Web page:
In this lesson you will learn about spatial interpolation using an example project with a text layer.
Now in this example, if you select your layer here you can see there is a collection of dots between these two points.
If you put the CTI (Current Time Indicator) right in the middle of the animation, you can see the left point represents the starting keyframe. And the right point represents the ending keyframe.
And each one of these dots represents a frame, that the layer is going to be on at any point in time during this animation. Right now, these dots go in a straight line which means that the path that it's taking is going to move in a straight line. This is called Linear Spatial Interpolation.
From point A to point Bit takes a straight line. So in terms of the space that the object is covering, it's linear.
But what if you didn't want this? What if you wanted the start and end points to be the same, but you wanted it to move around in the composition more like an arc movement? Would that mean somewhere in the middle we just add another keyframe like this?
Well no, because now what we have a starting keyframe and a new middle keyframe. And in between those we have another line. So we could go again in the middle, and kind of make this into an arc using more keyframes, but that would be tedious. Plus, that would make it a little bit trickier to ease this animation if you wanted to.
So let's show you another way. If you have your key frames selected here and you right-click on them, you can go up in the little pop up menu and choose Keyframe Interpolation.
And there will be a little dialogue box that comes up here and you have some options.
Temporal Interpolation which affects how property changes over time in a timeline. It's set to linear by default, but you can choose some different options here in the dropdown box.
Spatial Interpolation affects the shape of the path, which is the motion path in this case because our object is moving. Again if you click the dropdown box here we have some more options.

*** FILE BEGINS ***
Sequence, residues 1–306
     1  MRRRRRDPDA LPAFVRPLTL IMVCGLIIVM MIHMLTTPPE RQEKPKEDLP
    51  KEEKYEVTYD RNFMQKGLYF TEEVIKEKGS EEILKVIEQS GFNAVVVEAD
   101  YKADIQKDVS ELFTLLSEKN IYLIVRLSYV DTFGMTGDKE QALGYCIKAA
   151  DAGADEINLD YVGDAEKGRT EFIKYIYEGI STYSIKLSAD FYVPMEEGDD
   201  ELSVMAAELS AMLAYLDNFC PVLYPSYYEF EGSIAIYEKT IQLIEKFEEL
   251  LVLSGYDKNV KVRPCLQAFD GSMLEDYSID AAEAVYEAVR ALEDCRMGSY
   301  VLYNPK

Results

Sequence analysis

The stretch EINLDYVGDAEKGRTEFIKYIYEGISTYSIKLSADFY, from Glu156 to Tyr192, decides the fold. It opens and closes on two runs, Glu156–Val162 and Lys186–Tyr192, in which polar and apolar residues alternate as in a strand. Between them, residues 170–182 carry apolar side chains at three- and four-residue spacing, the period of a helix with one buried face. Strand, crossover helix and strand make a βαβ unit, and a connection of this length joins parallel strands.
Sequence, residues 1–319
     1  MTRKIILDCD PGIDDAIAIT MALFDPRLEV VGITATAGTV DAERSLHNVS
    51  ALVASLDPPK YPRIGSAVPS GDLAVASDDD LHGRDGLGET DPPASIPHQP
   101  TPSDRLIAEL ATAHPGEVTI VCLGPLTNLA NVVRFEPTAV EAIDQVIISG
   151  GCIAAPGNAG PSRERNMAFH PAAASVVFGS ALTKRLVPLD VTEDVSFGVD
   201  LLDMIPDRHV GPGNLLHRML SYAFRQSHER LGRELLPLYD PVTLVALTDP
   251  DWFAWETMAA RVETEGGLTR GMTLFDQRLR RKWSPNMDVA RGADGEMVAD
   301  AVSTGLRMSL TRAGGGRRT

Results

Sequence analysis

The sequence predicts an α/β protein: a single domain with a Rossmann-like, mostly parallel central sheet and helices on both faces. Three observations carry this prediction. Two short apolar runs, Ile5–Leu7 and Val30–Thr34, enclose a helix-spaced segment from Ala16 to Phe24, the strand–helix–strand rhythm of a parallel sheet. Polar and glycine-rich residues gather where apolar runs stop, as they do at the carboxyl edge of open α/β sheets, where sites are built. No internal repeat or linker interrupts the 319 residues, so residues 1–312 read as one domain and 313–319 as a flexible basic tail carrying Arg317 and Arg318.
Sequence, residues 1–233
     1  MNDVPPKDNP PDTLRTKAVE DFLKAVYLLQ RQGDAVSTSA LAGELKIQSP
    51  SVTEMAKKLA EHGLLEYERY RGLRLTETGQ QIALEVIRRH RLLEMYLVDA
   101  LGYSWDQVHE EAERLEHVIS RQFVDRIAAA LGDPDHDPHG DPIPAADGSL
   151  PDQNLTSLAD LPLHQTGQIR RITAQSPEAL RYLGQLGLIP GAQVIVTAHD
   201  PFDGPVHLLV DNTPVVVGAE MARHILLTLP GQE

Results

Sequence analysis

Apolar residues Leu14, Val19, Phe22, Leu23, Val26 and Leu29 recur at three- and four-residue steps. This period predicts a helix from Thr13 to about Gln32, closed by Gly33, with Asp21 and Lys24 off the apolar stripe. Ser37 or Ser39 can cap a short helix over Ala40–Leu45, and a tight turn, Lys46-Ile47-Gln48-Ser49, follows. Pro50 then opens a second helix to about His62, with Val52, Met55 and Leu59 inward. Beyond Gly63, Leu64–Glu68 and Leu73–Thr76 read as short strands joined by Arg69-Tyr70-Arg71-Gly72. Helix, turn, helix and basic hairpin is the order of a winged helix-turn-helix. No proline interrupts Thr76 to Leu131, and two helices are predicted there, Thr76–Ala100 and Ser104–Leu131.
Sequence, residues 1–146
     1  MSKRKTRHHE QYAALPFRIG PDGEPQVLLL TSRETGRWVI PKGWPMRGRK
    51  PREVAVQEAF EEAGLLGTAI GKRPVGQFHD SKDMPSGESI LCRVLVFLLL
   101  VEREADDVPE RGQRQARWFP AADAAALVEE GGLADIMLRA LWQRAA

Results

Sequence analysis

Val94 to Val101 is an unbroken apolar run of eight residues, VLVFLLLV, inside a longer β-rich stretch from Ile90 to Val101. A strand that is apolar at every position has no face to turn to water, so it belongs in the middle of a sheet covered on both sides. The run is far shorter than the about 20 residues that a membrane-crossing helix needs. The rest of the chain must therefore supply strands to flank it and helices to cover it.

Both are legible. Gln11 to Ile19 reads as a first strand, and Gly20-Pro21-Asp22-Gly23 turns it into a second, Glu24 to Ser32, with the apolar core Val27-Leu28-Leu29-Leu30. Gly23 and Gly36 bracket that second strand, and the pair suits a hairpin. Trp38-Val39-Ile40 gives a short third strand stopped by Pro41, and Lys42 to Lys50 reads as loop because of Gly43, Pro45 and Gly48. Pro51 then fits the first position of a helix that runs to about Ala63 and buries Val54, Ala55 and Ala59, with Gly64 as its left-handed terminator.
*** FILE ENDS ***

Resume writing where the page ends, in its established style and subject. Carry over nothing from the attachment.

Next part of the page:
Let's select Bezier, and then click OK.
What we get now is we get a set of handles on our first keyframe and on the second keyframe.
So let's click on the first keyframe. And you can click and you can drag this handle, and you can make a curve. So now, instead of your object taking a straight line between two points, it takes a curve.
And with these handles, you can get really specific on where you want this K to go.
You could even set these in different directions and make kind of an S shape, if you will. And this is still only using two key frames.
You can also hold down Control + Alt on the keyboard whilst using the Selection Tool to click on the points. This will convert the points to linear or back to bezier without having to go into the pop up menu.
To go further, you could set one more keyframe here in the middle. Converting this to a bezier will give it two handles on either side which is a continuous bezier. This meaning that the handles move in tandem to create even more movement.
If you hit Control + Alt again you can grab one side of these handles and break it, which will allow you to do something more intricate. Giving you the option for sharp angled movements.
You can also smooth out the temporal interpolation by selecting both keyframes and hitting F9 on the keyboard to apply easy ease.
You can improve on that further by going into the Graph Editor and adjusting it to make it even smoother.
Congratulations! And that's how to use spatial interpolation using Adobe After Effects. Now that you've learned the basics, check out some of the other tutorials we have on Adobe After Effects below.
I hope you've found this tutorial useful and I'll see you next time on Envato Tuts+!
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